Moises Naim is a distinguished fellow at the Carnegie Endowment for International Peace and the author of “The End of Power: From Boardrooms to Battlefields and Churches to States, Why Being in Charge Isn’t What It Used to Be” and “Illicit: How Smugglers, Traffickers, and Copycats Are Hijacking the Global Economy.”
In the 1930s, the Marxist thinker Antonio Gramsci sat in an Italian prison for his opposition to the Fascist regime of Benito Mussolini and contemplated the rapid change and enormous uncertainty sweeping Europe. People were bewildered and governments were unable to contain the rapidly spreading turmoil. “The crisis consists precisely in the fact that the old is dying and the new cannot be born,” Gramsci wrote in a prison notebook. “In this interregnum a great variety of morbid symptoms appear.” Inevitably, the morbid symptoms not only appeared but fed the cataclysmic political and cultural forces that smashed the old continent.
Something similar is going on now, although a cataclysmic end is not inevitable. What’s clear is that we are living through a similar interregnum in which old certitudes are no longer reliable, new ones haven’t yet arisen and morbid symptoms are popping up everywhere.
A wish to understand this moment and its possible dire consequences has unleashed a flood of articles and books — some by superstar authors. One of the literary giants is Yuval Noah Harari, a 42-year-old history professor at the Hebrew University in Jerusalem who gained global acclaim with “Sapiens: A Brief History of Mankind,” first published in Hebrew for the Israeli market in 2011. Three years later, its English edition sold more than 1 million copies, and the book is now available in 45 languages. His success continued in 2015 with the Hebrew edition of “Homo Deus: A Brief History of Tomorrow,” followed by the American edition in 2017. In “Homo Deus,” Harari predicts the end of the world as we know it, caused by the collapse of democracy and the free market and the replacement of humans by sophisticated new technologies. If “Sapiens” explores the deep past and “Homo Deus” looks to the distant future, “21 Lessons for the 21st Century” probes the present. “In this book I want to zoom in the here and now,” Harari writes. “My focus is on current affairs and on the immediate future of human societies.” “21 Lessons for the 21st Century” is based on Harari’s previously published essays and op-ed columns as well as on his talks. “This book was written in conversation with the public,” he explains. “Many of the chapters were composed in response to questions I was asked by readers, journalists, and colleagues.”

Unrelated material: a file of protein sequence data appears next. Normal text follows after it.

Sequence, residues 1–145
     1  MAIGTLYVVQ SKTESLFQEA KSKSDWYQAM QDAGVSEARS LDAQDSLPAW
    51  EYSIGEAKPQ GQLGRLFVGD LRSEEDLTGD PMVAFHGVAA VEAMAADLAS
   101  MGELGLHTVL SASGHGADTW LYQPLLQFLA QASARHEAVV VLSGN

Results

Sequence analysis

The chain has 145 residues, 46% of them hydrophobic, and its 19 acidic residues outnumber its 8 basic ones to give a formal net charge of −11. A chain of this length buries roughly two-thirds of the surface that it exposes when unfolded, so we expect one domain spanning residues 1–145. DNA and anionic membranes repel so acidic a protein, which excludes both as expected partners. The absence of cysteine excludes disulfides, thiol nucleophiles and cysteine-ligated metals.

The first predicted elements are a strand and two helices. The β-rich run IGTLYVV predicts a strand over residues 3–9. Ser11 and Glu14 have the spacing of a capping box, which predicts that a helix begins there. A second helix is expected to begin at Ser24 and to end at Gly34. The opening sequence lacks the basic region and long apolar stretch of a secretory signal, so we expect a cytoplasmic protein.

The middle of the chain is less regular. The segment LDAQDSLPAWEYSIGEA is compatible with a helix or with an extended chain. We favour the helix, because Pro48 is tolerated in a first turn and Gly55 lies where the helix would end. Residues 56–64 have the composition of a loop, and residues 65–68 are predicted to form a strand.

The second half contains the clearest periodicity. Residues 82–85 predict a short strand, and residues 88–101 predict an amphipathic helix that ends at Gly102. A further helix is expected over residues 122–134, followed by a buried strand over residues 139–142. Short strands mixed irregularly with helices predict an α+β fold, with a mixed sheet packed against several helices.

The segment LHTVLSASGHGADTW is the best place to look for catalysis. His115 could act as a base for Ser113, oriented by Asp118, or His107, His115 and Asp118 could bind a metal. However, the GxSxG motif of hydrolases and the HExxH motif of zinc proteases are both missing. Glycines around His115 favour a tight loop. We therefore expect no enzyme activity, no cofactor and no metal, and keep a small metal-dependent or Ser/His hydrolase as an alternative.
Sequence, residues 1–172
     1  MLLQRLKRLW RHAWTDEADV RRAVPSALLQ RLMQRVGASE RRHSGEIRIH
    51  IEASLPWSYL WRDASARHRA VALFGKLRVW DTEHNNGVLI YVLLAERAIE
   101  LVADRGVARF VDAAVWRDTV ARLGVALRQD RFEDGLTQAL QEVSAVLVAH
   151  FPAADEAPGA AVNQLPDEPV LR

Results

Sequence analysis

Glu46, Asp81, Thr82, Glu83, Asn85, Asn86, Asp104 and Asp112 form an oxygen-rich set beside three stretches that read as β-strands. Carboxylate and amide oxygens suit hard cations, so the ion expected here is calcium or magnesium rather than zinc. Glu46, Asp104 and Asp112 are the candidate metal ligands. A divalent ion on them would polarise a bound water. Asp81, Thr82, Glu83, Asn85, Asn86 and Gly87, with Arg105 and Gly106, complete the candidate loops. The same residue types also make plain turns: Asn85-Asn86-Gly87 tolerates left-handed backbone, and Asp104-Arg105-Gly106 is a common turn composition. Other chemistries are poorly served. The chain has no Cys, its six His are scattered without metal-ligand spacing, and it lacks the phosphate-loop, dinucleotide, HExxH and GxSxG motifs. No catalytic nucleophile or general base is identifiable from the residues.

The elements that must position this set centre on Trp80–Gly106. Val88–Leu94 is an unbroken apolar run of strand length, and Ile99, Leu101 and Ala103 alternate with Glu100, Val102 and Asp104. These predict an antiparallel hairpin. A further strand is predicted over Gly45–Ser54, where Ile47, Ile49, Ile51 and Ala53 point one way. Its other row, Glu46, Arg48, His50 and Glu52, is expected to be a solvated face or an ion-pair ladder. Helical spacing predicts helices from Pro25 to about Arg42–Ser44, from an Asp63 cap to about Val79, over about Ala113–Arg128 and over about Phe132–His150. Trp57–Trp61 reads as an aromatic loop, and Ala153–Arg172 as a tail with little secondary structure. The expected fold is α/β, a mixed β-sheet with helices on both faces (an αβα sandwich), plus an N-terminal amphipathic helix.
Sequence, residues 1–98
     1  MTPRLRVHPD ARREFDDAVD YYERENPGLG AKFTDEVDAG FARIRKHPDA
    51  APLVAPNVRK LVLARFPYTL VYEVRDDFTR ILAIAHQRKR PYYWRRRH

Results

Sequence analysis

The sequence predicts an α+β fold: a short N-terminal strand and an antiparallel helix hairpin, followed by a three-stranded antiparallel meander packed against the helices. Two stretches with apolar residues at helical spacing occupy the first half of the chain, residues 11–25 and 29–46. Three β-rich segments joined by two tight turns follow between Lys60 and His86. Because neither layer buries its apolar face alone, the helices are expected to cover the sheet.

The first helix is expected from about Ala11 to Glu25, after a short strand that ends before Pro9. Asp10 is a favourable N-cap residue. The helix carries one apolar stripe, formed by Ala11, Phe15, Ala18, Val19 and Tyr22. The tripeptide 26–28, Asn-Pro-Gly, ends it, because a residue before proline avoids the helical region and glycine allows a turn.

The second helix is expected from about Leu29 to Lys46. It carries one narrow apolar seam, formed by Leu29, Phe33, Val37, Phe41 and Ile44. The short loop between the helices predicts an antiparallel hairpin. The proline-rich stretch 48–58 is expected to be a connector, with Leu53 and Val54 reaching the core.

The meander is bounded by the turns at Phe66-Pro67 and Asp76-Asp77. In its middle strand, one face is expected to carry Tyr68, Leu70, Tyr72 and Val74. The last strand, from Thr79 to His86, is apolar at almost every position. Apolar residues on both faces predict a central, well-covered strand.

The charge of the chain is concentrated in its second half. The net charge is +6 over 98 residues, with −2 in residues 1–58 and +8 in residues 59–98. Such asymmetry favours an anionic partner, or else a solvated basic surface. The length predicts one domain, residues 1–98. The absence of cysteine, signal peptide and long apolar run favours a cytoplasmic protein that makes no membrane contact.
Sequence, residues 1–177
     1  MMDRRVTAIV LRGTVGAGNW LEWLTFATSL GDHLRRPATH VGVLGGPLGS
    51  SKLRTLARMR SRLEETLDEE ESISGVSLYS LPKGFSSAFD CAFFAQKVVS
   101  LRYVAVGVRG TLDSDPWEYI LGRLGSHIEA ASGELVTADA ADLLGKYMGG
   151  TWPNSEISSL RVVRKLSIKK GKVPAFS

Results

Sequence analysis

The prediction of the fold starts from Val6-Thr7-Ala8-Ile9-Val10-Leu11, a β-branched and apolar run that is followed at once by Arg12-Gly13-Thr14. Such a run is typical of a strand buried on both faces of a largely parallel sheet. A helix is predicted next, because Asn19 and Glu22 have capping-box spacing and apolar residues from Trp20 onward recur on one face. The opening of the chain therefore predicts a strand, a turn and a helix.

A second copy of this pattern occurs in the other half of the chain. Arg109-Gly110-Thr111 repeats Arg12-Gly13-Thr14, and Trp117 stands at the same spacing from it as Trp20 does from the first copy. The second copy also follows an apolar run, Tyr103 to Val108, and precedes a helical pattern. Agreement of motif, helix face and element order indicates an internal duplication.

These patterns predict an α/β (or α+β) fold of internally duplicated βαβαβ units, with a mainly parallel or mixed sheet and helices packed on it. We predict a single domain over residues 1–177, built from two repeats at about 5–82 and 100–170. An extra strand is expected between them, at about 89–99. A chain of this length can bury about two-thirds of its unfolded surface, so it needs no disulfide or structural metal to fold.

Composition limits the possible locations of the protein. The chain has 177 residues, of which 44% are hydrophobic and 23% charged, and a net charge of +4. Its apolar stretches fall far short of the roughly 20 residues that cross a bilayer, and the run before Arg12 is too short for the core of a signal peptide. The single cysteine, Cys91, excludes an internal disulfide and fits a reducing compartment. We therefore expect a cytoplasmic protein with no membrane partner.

One of Harari’s hallmarks is the immense ambition of his intellectual enterprises and this effort is no exception. As he explains, “My agenda here is global. I look at the major forces that shape societies all over the world and that are likely to influence the future of our planet as a whole.”
The result is a mixed bag. A profusion of platitudes, well-known vignettes, stock phrases and clichés coexists with the brilliant observations that distinguish Harari’s writings. Here he offers his opinions about war (his original specialty as a historian) and the meaning of life (and Disney’s “The Lion King”), humility (“You are not the center of the world”), God (in six pages), civilization (there is no clash of civilizations because there is only one), terrorism (governments should fight it with good intelligence and clandestine action against the financial networks that feed it, and the news media should avoid hysteria and the public should avoid panicking), education (“Change is the only constant”), nationalism (“Global problems need global answers”), ignorance (“You know less that you think”) and so on for a dozen other thorny and interesting subjects.